Taking six years to complete her degree, Shabnam’s friends who opted for traditional universities were graduating ahead of her.

“It was challenging seeing them complete their degrees. But, many of them had more debt and were unemployed for a while or not working in the areas they wanted to. I was still going but had already gained much more work experience. Some were confused as to why I had chosen the OU, many people think it is for older people, but when I explained what else I was doing alongside study, they were really impressed.”

“It was difficult to balance work and study. I didn’t have a social life for a while, and I would work into the early hours sometimes. It was a lot to juggle – but I wouldn’t be where I am if I hadn’t done both. The fact I could arrange my timetable based on my own schedule meant I could manage it.”

Working with communities

Part way through studying, Shabnam got a job for a local MP working as a Caseworker, the first point of contact for local constituents. She started using her new legal knowledge to deal with constituents’ enquiries to resolve constituency and parliamentary policy issues.

When I first started with the OU I thought I would go on to practise Law, but as I went through the degree I realised I wanted to use my skills in a different way, to represent marginalised people.

She has now moved into local government to implement the Prevent element of the Government’s Counter Terrorism Strategy at a local level, helping to educate safeguarding professionals and raise awareness of the threat posed by radicalisation to local communities. “I was interested in how the Prevent Strategy responds to the ideological challenge faced from terrorism and aspects of extremism. With a refugee background, I was able to use my experience to raise awareness that individuals from diverse backgrounds can be British and express their identity and religion openly, it’s what makes Britain.”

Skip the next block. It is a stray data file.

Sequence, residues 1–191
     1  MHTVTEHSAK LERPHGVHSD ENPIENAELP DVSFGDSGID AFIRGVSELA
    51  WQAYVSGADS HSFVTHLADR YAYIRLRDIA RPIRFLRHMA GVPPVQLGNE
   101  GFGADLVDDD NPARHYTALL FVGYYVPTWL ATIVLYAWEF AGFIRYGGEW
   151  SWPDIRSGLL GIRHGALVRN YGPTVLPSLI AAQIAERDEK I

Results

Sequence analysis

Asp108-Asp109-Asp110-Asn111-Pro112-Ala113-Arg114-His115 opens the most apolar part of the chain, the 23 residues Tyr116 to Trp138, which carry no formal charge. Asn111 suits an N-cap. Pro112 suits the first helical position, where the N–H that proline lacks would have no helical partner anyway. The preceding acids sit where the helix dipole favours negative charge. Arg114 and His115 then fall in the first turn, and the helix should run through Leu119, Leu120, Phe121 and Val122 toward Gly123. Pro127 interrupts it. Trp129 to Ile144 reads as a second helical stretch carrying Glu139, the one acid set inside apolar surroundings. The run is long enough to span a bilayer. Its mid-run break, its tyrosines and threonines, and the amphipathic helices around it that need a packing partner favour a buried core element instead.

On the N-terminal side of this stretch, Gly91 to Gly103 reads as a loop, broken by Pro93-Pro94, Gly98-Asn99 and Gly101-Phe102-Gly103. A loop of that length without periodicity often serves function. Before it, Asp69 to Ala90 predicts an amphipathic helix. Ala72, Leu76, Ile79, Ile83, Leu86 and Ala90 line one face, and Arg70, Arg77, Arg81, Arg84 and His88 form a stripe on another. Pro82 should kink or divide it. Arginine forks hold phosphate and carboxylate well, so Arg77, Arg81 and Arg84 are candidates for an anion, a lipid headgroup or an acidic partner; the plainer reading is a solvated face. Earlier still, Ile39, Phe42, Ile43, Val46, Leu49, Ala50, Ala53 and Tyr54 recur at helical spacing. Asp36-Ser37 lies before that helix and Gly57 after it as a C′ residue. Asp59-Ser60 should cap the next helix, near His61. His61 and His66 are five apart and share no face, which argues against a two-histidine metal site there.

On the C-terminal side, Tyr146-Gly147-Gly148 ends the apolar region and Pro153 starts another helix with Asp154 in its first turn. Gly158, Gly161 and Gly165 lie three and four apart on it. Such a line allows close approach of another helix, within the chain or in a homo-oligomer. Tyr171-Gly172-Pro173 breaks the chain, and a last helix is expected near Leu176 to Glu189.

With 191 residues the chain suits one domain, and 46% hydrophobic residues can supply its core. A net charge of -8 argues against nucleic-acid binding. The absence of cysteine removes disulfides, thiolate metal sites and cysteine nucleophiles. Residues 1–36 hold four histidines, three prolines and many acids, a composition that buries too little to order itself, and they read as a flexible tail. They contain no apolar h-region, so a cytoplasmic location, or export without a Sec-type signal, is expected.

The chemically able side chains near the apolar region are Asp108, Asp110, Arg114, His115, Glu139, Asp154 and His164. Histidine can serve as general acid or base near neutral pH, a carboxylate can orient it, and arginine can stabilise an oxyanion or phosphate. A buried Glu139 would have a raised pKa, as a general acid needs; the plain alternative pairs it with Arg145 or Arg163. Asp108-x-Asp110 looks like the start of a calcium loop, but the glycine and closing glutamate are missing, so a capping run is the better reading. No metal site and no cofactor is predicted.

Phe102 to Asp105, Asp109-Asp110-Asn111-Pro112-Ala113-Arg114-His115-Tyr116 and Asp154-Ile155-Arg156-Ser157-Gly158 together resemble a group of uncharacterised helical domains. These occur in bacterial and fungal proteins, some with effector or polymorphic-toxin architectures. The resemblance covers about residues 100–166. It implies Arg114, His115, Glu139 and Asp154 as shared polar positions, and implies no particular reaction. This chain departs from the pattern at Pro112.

Shabnam completed her OU degree in 2016 and has since gone on to complete a Masters in International Security & Global Governance from Birkbeck University.

Passionate about politics

Shabnam also continues to volunteer, mentoring women who need support and guidance, and who are in vulnerable situations. These include refugees, domestic abuse victims, those lacking confidence or who have been discriminated against. She is using her professional experience to help guide them into training and work, to help them access services, or just to be a listening ear.  Shabnam is also an Ambassador for the 50:50 Parliament campaign to get more women into political life; and this could be something she does herself in years to come.

I am passionate to get more women to understand that politics does concern them. Starting from a young age volunteering, just like public life, it was about listening, giving and representing people who can’t speak for themselves. That passion and the reward of helping others has moved me towards the ambition to go into politics myself.

Coming here at age eight, after twenty years of hard work and study, I am really proud of who I have become. Britain is a nation where, by and large, there is opportunity, where hard work pays off, where help is often at hand, where, even if you have a rough start, you can make up ground.

This story first appeared on the OU News website. Click to read the original article.